simply free -- for freedom is not enough -- but one of creating a system
which all users will not only find easy to use but will meet the needs of
personal and ubiquitous computing in today's world.
Such a system should not be a clone of any existing system but should itself
be free -- free of the trappings and the chains of older and outdated
paradigms of computing. We should not only enlist the help of competent
programmers and software architects, we should also seek out competent
interface designers and researchers of human-computer interfaces.
What form might this new system take? I won't pretend to have all of the
answers yet but I have culled together a few basic ideas from my own
experience and thought as well as from several innovative systems and
Here are some of the core features of such a system:
1. The system's interface will be fundamentally graphical (no underlying
command-line). Fundamental data types will include much more than plain
text and all data will be tagged with metadata.
2. The system's structure will be more integrated from the user's
perspective than it is now. There will be no applications and no visible
file system and resources should be treated similarly regardless of where
they are located (on the local machine, on the network, etc). There will
only be objects on the screen and the commands to manipulate those objects.
(This idea is similar to the Squeak
implementation of Smalltalk).
3. The interface should be as consistent as possible. Similar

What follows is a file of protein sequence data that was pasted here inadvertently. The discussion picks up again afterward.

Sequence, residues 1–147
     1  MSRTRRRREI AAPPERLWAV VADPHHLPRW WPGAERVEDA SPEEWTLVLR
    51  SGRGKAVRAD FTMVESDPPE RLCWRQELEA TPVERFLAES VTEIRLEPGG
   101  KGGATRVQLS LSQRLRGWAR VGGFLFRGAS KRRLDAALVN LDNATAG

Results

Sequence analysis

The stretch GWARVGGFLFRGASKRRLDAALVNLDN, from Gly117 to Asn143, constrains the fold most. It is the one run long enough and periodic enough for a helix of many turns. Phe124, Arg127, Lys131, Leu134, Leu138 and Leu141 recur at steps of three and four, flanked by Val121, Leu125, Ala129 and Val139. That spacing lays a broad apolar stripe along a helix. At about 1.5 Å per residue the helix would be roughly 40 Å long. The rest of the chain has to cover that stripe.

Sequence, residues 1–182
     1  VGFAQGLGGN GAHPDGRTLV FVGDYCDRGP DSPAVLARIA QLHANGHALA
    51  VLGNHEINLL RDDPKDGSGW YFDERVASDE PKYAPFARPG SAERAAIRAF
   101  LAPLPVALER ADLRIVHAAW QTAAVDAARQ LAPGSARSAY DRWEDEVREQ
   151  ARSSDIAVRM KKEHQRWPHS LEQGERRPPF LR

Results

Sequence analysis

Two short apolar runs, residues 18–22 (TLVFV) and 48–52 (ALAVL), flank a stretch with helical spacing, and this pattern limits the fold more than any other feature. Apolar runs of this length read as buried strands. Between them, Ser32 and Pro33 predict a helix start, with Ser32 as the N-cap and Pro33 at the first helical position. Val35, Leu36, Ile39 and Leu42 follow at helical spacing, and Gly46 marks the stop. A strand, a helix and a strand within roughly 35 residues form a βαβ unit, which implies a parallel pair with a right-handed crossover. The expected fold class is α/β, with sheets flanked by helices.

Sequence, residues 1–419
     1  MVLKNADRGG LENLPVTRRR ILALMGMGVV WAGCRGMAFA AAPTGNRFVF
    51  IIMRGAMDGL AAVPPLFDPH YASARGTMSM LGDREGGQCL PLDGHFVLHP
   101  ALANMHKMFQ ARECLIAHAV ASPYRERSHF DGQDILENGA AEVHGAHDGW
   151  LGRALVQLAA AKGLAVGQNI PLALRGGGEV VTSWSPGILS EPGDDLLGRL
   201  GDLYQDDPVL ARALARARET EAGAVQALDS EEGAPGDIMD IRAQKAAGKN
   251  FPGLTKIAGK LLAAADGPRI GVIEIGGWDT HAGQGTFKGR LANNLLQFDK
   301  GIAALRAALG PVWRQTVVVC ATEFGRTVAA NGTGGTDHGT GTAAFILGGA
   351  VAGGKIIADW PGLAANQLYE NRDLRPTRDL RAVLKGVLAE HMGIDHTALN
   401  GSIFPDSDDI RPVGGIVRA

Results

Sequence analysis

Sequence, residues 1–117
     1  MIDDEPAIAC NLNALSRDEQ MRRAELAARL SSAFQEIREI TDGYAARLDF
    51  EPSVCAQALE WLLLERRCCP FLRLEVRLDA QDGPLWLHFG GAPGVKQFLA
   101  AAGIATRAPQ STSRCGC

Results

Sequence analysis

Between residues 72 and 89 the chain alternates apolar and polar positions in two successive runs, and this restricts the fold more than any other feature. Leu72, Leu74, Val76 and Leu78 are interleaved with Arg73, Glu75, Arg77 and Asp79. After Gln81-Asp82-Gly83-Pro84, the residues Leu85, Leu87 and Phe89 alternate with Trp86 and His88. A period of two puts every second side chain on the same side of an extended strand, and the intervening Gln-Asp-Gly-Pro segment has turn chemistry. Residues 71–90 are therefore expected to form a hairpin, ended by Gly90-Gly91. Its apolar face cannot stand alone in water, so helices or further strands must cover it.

functionality should appear the same to the user (and use the same
implementation). Any operation or command installed on the system should be
available whenever the context makes sense to use it (e.g. a spellchecker
should be available whenever editing text).
4. The user's data is sacrosanct! This means that all data must be
persistently stored -- no "save" operations necessary (think Palm OS).
Furthermore, all changes to data must be saved with unlimited and pervasive
undo. (A user should be able to undo last week's changes to her resume).
5. A high degree of customizability is required. Users would work
primarily in a set of custom created "workspaces." The system would be
pervasively scriptable as well as providing access to the source code for
all system components.
6. The interface will reinforce spatial memory. Visible objects will
maintain the spatial relationships onscreen that the user gives to them
(like the Macintosh Finder). Workspaces and projects will open back up in
the state they were left in. When starting up the whole system, it would
return to the same state it was in prior to shutting down.
Certainly, this new system could be built partially from existing free
software. But, if this vision for a new free and easily usable operating
system is to be attained, then it will take the work of a large and
I hope that this new vision will inspire the free software community to
strive to create a system that is more than simply free. If you want to
help achieve this vision, please contact me at firstname.lastname@example.org.
For more details about how this system might look, a temporary forum has
been created at The
Project for a Usable and Free Operating System on Yahoo! Groups.
The following people have contributed to my vision of a new computing system
centered on usability: Jef
Raskin, Bruce Tognazzini, and the
other original designers of the Macintosh; the Squeak team; the original Smalltalk
designers including Adele Goldberg and Alan Kay; Dr. Henry Ledgard,
Elizabeth Mather, and John Ughrin.